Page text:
Floods in Russia and Kazakhstan Force Thousands to Evacuate

By John Mercury April 13, 2024

More than 100,000 people were forced to evacuate on Wednesday after devastating spring floods engulfed cities and villages across vast sections of Russia and Kazakhstan.

The floods affected multiple settlements across Russia in the South Urals region east of Moscow, in Western Siberia and near the Volga River, as well as at least five regions of Kazakhstan, which shares a long border with Russia.

Dmitri S. Peskov, the Kremlin’s spokesman, said on Wednesday that the situation was “quite tense” and the forecast was “unfavorable” as “large amounts of water are coming to new regions.”

President Vladimir V. Putin of Russia is receiving reports about the flooding but has no plans to visit the affected areas, Mr. Peskov said. On Tuesday, Mr. Putin discussed the emergency with his Kazakh counterpart, President Kassym-Jomart Tokayev, the Kremlin said in a statement.

In the Central Asian country of Kazakhstan, the authorities said on Wednesday that more than 96,000 people had been evacuated and rescued, and more than 3,400 buildings remained flooded in five regions.

Heavy floods are a regular feature of the spring season in Russia. But the situation appeared to be substantially worse this year after a brisk heat wave caused large amounts of snow to melt rapidly, prompting local rivers to rise, the Russian emergency authorities said.

Waterlogged soil that froze during the winter and heavy precipitation also contributed to the flooding, the Emergency Situations Ministry said.

Parts of the Russian city of Orenburg, a regional capital of about 540,000 people, were deluged with water on Wednesday as the Ural River that runs through it swelled more than 33 feet and continued to rise, the mayor said in a post on the Telegram messaging app.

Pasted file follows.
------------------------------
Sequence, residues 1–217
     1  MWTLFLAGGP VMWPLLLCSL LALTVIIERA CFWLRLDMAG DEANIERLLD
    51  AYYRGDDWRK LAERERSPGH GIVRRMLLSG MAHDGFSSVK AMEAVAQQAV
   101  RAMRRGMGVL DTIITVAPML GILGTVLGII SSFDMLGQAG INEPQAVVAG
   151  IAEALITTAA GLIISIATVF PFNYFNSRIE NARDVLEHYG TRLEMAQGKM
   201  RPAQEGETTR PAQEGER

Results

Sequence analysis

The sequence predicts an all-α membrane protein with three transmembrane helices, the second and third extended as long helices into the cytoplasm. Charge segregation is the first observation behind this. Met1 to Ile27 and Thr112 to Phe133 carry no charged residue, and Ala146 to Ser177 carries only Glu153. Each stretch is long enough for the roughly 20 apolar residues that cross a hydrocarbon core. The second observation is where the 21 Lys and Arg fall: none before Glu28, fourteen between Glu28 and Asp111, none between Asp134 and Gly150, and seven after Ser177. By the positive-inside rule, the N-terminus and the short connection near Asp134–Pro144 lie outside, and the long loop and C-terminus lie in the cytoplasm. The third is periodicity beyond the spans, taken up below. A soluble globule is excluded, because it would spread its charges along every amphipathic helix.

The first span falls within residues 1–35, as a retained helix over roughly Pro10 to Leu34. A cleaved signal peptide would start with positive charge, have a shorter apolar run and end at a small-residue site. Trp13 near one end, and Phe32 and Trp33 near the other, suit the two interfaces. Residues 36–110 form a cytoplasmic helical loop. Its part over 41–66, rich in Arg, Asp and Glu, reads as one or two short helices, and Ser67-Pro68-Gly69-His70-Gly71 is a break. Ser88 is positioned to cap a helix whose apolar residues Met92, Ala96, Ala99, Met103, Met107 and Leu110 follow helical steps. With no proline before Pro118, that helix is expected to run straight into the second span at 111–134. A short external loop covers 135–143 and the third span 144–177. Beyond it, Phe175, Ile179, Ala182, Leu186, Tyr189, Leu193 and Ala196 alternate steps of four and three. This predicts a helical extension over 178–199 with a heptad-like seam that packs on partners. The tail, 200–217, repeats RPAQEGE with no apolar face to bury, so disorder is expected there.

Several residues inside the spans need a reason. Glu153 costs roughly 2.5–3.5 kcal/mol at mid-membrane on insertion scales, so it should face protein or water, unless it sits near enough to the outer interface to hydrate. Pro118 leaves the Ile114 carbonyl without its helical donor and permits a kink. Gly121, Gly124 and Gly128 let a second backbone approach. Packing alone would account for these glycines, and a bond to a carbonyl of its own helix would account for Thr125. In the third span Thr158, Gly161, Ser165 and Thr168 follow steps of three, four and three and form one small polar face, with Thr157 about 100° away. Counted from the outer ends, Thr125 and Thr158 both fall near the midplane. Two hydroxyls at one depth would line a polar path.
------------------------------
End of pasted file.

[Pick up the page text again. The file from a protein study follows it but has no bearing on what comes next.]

More than 7,700 people were evacuated in the Orenburg region, the regional government said.

Overall, more than 13,000 residential buildings have been flooded across Russia, according to TASS, a Russian state news agency. Russian state television showed residents paddling along roads and water touching the windows of traditional wooden houses.

Government officials urged local residents in affected areas or in those localities that were under threat of flooding to evacuate. Local prosecutors warned shops against raising prices on bottled drinking water.

On Wednesday, the situation in Orsk, a major Russian town near the border with Kazakhstan, began to improve after a flood destroyed an embankment dam on Friday, submerging the old part of the city and its smaller residential buildings.

The situation angered hundreds of residents, who went in front of Orsk’s City Hall to demand a swifter response from the local government, according to Kommersant, a Russian newspaper.

The regional governor said the situation was unprecedented and that the floods were the worst in recorded history.

source

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